KEY POINTS

  • A Malaysian drill ship was hassled by Chinese vessels
  • Beijing continues bullying foreign ships in the South China Sea
  • Two U.S. Navy ships sail in to support the Malaysian ship

As Beijing continues its bullying in the South China Sea, two U.S. Navy ships were sent into the disputed region Thursday (May 7). The U.S. Navy will support a Malaysian drill ship that was hassled by Chinese vessels.

According to Asia Maritime Transparency Initiative, the dry cargo ship Cesar Chavez and the littoral combat ship USS Montgomery sailed near the Malaysia-contracted West Capella. According to Navy Times, at the time of the maneuver both Navy ships were already underway in the region.

The West Capella has been assigned to exploratory drilling in two gas and oil fields located in the South China Sea. Its activity has irritated the Chinese government, which is trying to claim this resource-rich region. In recent months, the Malaysian drill ship has been harassed by Chinese Coast Guard ships and fishing vessels. In the past year, similar disputes have arisen as well between Beijing and neighboring Vietnam.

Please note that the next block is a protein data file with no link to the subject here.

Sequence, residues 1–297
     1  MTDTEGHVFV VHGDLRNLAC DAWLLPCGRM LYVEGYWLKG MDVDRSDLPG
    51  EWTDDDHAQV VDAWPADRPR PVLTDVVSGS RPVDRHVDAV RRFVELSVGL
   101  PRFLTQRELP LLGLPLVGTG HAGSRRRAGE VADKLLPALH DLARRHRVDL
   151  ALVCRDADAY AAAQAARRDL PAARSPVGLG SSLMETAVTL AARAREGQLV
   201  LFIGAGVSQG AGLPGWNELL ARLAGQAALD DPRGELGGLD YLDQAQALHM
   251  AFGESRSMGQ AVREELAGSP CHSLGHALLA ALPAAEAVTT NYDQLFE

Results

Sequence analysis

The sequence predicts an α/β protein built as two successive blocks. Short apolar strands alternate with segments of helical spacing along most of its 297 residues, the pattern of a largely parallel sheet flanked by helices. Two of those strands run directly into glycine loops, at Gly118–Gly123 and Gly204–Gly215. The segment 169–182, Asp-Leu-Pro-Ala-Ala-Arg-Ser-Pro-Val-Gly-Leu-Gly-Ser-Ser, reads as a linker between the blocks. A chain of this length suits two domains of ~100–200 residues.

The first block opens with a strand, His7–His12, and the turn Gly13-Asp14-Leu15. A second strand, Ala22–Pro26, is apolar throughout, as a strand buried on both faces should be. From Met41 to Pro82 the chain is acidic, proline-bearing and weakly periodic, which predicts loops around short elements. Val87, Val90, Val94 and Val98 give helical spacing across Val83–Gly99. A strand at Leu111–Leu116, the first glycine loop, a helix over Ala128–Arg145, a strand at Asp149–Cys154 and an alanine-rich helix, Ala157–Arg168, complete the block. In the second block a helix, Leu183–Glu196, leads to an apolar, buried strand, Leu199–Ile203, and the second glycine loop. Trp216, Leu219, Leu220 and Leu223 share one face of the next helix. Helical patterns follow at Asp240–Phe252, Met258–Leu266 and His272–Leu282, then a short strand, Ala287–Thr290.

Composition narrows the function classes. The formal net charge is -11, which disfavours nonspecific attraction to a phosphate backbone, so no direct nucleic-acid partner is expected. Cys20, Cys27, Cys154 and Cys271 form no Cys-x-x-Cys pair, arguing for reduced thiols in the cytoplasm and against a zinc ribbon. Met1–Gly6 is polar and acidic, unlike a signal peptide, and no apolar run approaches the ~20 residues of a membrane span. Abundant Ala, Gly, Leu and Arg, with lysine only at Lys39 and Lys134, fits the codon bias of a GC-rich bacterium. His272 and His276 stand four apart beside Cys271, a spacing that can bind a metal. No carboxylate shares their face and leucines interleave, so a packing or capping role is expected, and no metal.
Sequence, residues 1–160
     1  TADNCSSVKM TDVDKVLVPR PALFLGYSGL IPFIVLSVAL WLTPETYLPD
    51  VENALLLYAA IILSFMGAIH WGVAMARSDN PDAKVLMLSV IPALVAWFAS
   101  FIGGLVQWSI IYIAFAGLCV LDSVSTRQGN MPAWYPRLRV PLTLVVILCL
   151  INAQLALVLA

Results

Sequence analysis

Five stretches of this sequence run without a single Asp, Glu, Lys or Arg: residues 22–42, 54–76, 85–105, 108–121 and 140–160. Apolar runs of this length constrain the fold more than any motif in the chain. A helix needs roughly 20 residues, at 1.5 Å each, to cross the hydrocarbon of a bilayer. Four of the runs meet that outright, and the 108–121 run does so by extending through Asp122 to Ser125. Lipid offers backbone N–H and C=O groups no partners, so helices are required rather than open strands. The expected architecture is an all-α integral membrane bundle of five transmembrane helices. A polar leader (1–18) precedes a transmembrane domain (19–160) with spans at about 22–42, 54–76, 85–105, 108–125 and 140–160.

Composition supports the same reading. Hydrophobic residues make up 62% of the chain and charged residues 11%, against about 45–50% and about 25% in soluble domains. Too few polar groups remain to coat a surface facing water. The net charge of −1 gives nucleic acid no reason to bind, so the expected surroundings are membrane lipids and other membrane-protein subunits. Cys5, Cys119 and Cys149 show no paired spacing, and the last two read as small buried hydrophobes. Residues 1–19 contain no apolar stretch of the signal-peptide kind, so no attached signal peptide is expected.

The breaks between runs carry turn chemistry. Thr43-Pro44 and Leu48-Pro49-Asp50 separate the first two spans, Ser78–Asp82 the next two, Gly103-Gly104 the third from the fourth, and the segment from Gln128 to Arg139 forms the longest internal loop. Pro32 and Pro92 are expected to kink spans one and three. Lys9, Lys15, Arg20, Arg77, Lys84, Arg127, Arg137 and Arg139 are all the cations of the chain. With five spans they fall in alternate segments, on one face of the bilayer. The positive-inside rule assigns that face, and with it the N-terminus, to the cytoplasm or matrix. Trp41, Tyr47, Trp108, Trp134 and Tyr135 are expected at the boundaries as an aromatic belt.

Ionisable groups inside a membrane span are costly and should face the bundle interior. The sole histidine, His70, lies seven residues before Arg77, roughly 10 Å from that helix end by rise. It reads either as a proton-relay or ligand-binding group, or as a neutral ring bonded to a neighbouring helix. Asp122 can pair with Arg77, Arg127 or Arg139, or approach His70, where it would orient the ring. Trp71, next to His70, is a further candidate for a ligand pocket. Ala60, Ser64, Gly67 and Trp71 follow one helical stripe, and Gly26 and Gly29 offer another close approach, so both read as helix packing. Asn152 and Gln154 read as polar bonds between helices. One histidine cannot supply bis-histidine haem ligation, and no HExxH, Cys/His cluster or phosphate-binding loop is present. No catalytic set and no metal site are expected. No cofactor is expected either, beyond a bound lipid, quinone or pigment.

According to Pacific Fleet commander Adm. John Aquilino, the U.S. Navy is “committed to a rules-based order in the South China Sea and we will continue to champion freedom of the seas and the rule of law”. Navy ships are regularly patrolling the contested waters. The freedom of navigation operations (FONOPs) send a signal to Beijing that the U.S. seeks to keep those international waters open.

The dry cargo ship Cesar Chaves is a vessel with a displacement of 41,000 tons, 689 ft length and 106 ft beam. It is capable of a speed of 20 knots. The vessel is dedicated to providing the U.S. Marine Corps with food, ammunition, repair parts and fuel.

The USS Montgomery is an Independence-class littoral combat ship. Littoral combat ships are networked surface combatants, fast and agile, optimized for near-shore operations. The vessel has a displacement of 3,104 tons when full, a length of 418 ft and a beam of 104 ft. It is capable of speeds over 40 knots. Armed with 4× .50 cal (12.7 mm) guns, BAE Systems Mk 110 57 mm gun, and Evolved SeaRAM 11 cell missile launcher, the vessel is well suited for a broad range of missions, with unique capabilities and characteristics.

China claims most of the South China Sea, a major global shipping route and long a source of tension among claimants in Southeast Asia China claims most of the South China Sea, a major global shipping route and long a source of tension among claimants in Southeast Asia Photo: AFP / TED ALJIBE